Maguire deportation appeal rejected


THE ISRAELI supreme court yesterday rejected an appeal by Mairead Maguire against her deportation from Israel.

During the hearing an Israeli supreme court judge told Ms Maguire to keep “her propaganda to herself” after she called Israel an “apartheid state”.

Ms Maguire (66) urged Israel to end its “apartheid policy” against the Palestinians and end the siege on Gaza, but she was silenced by one of the judges who told her that the courtroom was no place for propaganda.

The justices told the Nobel peace laureate that they did not believe her claim that she was unaware that Israel has placed a 10-year ban on her entering the country. Ms Maguire has been held at a detention facility at Ben Gurion airport near Tel Aviv since last Tuesday, when she flew in as a part of a women’s peace delegation to attend a conference along with five other Nobel peace laureates.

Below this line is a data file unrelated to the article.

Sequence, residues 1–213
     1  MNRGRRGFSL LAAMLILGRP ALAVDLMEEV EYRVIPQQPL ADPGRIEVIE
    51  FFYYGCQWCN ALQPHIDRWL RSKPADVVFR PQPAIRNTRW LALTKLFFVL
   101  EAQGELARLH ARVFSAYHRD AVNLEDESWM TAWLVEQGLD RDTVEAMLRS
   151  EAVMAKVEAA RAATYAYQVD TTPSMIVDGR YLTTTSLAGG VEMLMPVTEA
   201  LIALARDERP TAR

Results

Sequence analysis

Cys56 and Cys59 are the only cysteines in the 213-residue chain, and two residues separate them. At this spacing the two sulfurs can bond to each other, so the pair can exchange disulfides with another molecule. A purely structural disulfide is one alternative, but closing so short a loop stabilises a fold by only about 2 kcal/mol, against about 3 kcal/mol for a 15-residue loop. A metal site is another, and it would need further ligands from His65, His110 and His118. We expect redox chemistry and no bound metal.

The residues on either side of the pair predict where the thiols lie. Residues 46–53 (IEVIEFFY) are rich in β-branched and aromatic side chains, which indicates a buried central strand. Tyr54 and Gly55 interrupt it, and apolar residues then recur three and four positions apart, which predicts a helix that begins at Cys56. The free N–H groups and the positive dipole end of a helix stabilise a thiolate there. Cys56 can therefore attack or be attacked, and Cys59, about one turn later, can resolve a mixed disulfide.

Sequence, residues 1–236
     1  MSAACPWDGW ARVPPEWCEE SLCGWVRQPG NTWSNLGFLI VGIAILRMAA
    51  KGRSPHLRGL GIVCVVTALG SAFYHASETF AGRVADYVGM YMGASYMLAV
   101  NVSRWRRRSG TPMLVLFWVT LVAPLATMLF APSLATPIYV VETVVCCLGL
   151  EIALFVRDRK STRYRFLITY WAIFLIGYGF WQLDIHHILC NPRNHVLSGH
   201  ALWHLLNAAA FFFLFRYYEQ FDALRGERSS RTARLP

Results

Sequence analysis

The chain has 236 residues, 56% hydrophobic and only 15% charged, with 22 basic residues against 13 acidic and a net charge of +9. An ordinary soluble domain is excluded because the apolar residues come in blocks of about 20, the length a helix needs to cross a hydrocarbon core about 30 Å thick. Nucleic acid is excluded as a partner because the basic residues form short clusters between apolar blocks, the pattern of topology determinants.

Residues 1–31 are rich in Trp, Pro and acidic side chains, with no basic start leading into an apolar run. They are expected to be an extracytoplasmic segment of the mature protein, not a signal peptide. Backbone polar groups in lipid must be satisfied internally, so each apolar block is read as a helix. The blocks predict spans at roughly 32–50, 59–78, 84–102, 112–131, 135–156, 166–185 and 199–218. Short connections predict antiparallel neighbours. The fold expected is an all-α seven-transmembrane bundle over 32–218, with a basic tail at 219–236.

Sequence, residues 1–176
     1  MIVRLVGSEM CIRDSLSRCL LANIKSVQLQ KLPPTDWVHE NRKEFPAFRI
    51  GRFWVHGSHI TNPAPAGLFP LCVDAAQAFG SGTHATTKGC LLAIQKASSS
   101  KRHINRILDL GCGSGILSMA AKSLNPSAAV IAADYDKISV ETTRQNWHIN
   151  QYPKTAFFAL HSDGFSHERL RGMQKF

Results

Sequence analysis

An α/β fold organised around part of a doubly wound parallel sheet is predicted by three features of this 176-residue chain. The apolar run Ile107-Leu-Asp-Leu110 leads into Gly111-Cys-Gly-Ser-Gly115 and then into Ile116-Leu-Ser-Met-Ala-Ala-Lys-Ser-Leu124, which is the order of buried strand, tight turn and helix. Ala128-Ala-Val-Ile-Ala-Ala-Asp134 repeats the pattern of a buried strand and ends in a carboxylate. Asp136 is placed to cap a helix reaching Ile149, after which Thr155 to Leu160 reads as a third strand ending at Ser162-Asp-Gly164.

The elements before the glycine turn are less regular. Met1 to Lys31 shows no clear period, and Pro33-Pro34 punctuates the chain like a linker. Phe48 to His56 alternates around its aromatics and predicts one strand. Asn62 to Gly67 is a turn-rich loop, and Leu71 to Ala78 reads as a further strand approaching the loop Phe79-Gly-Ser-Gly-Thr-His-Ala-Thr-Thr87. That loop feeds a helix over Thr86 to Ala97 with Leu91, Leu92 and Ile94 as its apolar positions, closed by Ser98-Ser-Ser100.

Prosecution lawyers rejected a court-proposed compromise under which Ms Maguire would be allowed to join the peace delegation for two days and then leave the country.

Ms Maguire had been aboard the Rachel Corrie, which was intercepted by Israeli naval commandos in June and escorted to the port of Ashdod. She was deported after being held for two days. The incident took place five days after nine Turkish activists were killed in clashes when Israeli soldiers boarded the Mavi Marmara, one of the boats in an international aid flotilla to Gaza.

According to the Israeli authorities Ms Maguire signed a document before she was deported in June stating that she was banned from entering Israel for 10 years.

But her lawyer, Orna Cohen, claimed that after the activists aboard the Rachel Corrie were taken to Ashdod, it was agreed that a permanent order barring their entry to Israel would not be issued. She said no such order was presented to her client when she arrived in Israel and she was informed by the Israeli airport authorities that the order appears on the airport’s computer system.